Review: Cinder (the Lunar Chronicles)

Review by Cassandra Rai

  • Rating: 5/5 cats
  • Recommended for: Those who love Syfy (hello cyborgs), Fantasy (in the future plus some aliens), and Romance (ahh young love)

Warning: Spoilers and Novel Summary Ahead

Young adult science fiction and fantasy readers rejoice in this captivating tale written by Marissa Meyer. I’ve always been a fan of the classic fairy tale stories and love it when authors take a new approach to those quintessential legends. Marissa Meyers tells the story of Cinderella but with an interesting twist.

The story takes place in the future in the city called New Beijing about 126 years after World War 4 when a terrible plague infects the world. Our main character is a young mechanic named Cinder who is a cyborg. Cyborgs are considered lesser, insignificant individuals who are shunned by most of society; including Cinder’s adopted family (with the exception of her young step sister Peony). While I do feel the concept of the “evil step mother/family” is a little redundant, it’s necessary for the tale of Cinderella and I appreciate the uniqueness Marissa Meyer applies to it. While there’s no denying Cinder’s step mom is wicked, she is cruel due to her desperation to raise to the highest class of society and does truly love her birth daughters. Cinder’s step mother even sells Cinder to the “Cyborg Draft” which is a program set up to test potential (so far unsuccessful) antidotes to the plague. Cinder is somehow immune though and survives the process.

The charming prince (named Kai in this case) that always plays a role in the tale of Cinderella, makes an appearance when he takes his personal android to Cinder in order to get it fixed up. Kai uses this android to secretly spy/get information from the Lunars, the highly advanced alien race that lives on the Moon. The Lunars have the ability to control bio-electricity which essentially gives them mind control manipulation. I have always found the idea of mind control terrifying and Meyers takes advantage of that by showing the cruel actions that the evil Queen of the moon (Queen Levana) forces people to do.

Queen Levana rules her rein of the moon via terror. She took the throne by burning her older sister and her sister’s baby daughter (Selene) alive. No corpse was found of Princess Selene though (just some scrapes of hair and skin) leaving the possibility for a survival theory. Queen Levana uses her bio-electricity manipulation to force masses of people to do her bidding/follow her laws, implants tortuous thoughts or controls their bodies to cut off fingers/body parts as punishment, and never shows her true appearance to anyone (her bio electricity allows her to put on a “Glamor” which shows the viewer the “perfect woman”). Queen Levana hopes to create an alliance with the Earth by marrying Prince Kai (and becoming Empress of New Beijing). Kai reluctantly agrees the “alliance” when Queen Levana agrees to give an antidote to the plague (which has and continues to kill millions, including Cinder’s little step sister Peony and Kai’s father).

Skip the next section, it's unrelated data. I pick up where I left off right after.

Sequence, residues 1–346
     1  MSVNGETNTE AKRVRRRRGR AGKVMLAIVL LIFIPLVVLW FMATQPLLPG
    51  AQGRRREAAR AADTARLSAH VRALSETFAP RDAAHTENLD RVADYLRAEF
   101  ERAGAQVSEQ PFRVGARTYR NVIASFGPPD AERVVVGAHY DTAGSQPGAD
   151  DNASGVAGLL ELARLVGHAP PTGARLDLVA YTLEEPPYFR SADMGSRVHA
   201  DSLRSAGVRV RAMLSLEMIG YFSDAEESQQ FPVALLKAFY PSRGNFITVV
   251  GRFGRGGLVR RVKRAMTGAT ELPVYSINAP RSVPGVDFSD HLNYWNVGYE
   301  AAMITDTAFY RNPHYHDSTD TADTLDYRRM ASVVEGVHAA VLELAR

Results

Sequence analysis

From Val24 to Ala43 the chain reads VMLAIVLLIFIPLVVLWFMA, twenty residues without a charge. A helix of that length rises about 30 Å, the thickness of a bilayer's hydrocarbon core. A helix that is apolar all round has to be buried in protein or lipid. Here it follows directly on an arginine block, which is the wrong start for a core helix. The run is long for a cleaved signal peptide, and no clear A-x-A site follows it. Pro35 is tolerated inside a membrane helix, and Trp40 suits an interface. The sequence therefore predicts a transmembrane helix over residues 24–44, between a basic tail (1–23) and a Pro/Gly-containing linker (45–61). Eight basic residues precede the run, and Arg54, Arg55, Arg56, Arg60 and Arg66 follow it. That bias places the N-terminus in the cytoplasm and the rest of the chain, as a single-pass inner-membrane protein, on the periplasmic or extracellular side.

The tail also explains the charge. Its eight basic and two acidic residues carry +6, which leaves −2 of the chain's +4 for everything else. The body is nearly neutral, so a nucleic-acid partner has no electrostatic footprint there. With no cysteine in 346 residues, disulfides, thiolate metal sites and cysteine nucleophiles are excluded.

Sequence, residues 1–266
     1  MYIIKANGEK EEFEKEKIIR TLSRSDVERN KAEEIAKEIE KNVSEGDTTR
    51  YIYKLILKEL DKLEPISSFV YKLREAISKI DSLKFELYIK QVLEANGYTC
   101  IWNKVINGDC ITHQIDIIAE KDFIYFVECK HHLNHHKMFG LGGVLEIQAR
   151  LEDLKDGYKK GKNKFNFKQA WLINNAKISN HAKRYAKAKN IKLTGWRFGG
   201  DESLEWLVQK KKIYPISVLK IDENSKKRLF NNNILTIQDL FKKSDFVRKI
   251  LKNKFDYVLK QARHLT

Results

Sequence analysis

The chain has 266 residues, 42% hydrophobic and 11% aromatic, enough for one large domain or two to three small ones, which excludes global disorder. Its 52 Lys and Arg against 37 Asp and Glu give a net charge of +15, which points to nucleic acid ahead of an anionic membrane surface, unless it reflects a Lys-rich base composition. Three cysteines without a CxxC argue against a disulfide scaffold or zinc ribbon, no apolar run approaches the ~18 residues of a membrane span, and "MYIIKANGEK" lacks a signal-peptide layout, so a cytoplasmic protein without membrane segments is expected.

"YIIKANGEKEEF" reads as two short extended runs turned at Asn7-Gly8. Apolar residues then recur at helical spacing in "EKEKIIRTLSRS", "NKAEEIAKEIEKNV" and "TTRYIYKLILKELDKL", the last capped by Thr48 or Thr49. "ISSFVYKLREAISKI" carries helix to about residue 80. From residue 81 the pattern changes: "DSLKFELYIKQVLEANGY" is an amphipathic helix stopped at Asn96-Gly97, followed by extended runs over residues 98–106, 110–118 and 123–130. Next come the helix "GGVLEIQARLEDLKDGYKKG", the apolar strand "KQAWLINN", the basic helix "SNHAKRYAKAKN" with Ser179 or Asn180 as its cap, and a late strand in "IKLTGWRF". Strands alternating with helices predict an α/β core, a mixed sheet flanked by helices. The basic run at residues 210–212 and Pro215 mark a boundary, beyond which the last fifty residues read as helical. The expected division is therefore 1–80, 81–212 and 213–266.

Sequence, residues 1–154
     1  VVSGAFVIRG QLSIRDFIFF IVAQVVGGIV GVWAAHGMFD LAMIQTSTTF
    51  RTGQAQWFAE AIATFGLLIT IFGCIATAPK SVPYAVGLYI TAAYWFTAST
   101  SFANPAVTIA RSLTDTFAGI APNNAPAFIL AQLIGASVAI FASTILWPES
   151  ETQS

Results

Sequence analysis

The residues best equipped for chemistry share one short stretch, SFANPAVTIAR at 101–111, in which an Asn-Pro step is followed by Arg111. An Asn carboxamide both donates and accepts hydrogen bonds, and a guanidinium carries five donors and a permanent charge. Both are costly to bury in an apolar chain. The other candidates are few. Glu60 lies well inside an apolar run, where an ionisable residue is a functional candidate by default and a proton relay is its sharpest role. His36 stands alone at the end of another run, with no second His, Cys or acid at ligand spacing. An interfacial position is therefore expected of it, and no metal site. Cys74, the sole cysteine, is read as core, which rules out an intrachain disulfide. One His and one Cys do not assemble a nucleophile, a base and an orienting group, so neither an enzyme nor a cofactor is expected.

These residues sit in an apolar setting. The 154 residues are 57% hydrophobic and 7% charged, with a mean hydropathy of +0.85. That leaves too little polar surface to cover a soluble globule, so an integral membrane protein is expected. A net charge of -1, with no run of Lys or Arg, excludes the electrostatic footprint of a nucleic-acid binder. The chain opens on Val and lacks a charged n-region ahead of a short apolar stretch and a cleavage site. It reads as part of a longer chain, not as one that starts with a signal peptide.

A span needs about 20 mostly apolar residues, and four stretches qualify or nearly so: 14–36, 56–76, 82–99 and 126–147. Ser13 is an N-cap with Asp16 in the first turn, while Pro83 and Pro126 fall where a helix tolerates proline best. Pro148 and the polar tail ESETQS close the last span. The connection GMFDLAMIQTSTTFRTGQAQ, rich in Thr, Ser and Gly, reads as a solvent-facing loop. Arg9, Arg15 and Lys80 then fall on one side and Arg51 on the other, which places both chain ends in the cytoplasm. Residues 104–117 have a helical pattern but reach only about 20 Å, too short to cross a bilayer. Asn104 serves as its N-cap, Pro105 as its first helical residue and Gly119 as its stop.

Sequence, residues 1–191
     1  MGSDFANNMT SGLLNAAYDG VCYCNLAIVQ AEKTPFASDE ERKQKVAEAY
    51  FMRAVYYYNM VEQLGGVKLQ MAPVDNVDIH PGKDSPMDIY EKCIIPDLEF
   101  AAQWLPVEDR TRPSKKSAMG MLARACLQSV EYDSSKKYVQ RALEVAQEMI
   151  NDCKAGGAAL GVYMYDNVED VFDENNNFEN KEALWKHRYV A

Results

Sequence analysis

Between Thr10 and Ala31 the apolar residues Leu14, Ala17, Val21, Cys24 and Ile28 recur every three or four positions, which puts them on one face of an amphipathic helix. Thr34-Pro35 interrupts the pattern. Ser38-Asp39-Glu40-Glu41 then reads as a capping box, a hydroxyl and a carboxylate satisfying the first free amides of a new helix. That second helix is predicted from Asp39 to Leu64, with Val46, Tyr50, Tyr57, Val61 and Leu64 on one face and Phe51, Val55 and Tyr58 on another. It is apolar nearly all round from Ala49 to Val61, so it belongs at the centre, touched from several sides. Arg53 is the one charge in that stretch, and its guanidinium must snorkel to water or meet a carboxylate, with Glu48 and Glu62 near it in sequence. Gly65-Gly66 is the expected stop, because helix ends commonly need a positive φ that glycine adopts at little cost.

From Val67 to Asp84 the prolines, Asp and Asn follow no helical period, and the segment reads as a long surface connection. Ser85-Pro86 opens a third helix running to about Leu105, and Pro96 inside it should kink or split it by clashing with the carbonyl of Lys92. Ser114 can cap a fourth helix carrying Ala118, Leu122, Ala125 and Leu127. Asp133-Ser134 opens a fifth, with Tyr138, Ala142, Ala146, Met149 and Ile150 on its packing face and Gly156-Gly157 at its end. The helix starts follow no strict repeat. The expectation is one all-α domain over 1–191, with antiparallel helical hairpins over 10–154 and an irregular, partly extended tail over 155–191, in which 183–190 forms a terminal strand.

Kai and Cinder have awkward yet flirtatious interactions that lead to Kai asking Cinder to his inaugural ball. I’m a sucker when it comes to unexpected and underdog romances so I’m all for this, as clique as it may sound. Cinder’s original plan is to run away with her best friend, the robot Iko, since nothing is holding her back now that she’s lost her sister. I really enjoy the robotic character Iko. She has a lively and sassy personality that clashes perfectly with the fact that she is a robot. I enjoy all her under spoken comments about how “human” she acts and wishes.

Cinder’s plans to escape are hindered though when she finally fixes the Prince’s robot and discovers the disastrous plan that Queen Levana has in store for Prince Kai: she plans on murdering Kai shortly after the wedding and taking over as Empress of Earth. Cinder rushes to the ball (as a mess) to confront the Queen and tell Kai of her plan. Cinder ends up trying to attack the Queen to stop her and has to flee the scene, but is unable when her robotic foot gets caught and broken off. I loved this rendition of the classic “Cinderella dropping her shoe” sequence; I thought it was clever and unexpected that her Prince realizes she’s a cyborg because her entire foot comes off (which Kai actually holds onto).

In order to prevent the Queen from forcing Cinder to shot herself in the head, Cinder’s cybernetic system overrides. This reveals that Cinder has bio-electricity manipulation powers and is actually Lunar (explaining her immunity to the plague also). This revelation causes distrust and betrayal to go through Kai, and Cinder to be taken into custody with plans to be escorted to Lunar for execution in a few days. While in custody Cinder finds out she is actually the long lost Princess Selene, the rightful heir to the Lunar throne. She realizes it’s her duty to stop Queen Levana’s evil reign and save Kai. So begins her break out of prison, life as a refugee trying to figure out her past and future.

While I find the revelation of Cinder being the Princess Selene a little predictable (based on the fact that it’s the legend focused on in the story, she’s the main character, and that all her cybernetic prosthetics support the idea of baby Selene getting caught in a fire), I still enjoyed how Marissa Meyers twisted the idea; she created Cinder as a cyborg, raised on another planet, and with extremely powerful yet untrained telekinetic powers. I like Cinder’s rough ends and how she’s not the typical princess with her mechanical skills/knowledge, tomboy attitude/appearance, down to earth personality, and cybernetic parts. She’s a heroine worth supporting.

I love the combination of classic fairy tale and science fiction in Marissa Meyer’s novel. Cinder’s story continues in the 2nd book, Scarlet.

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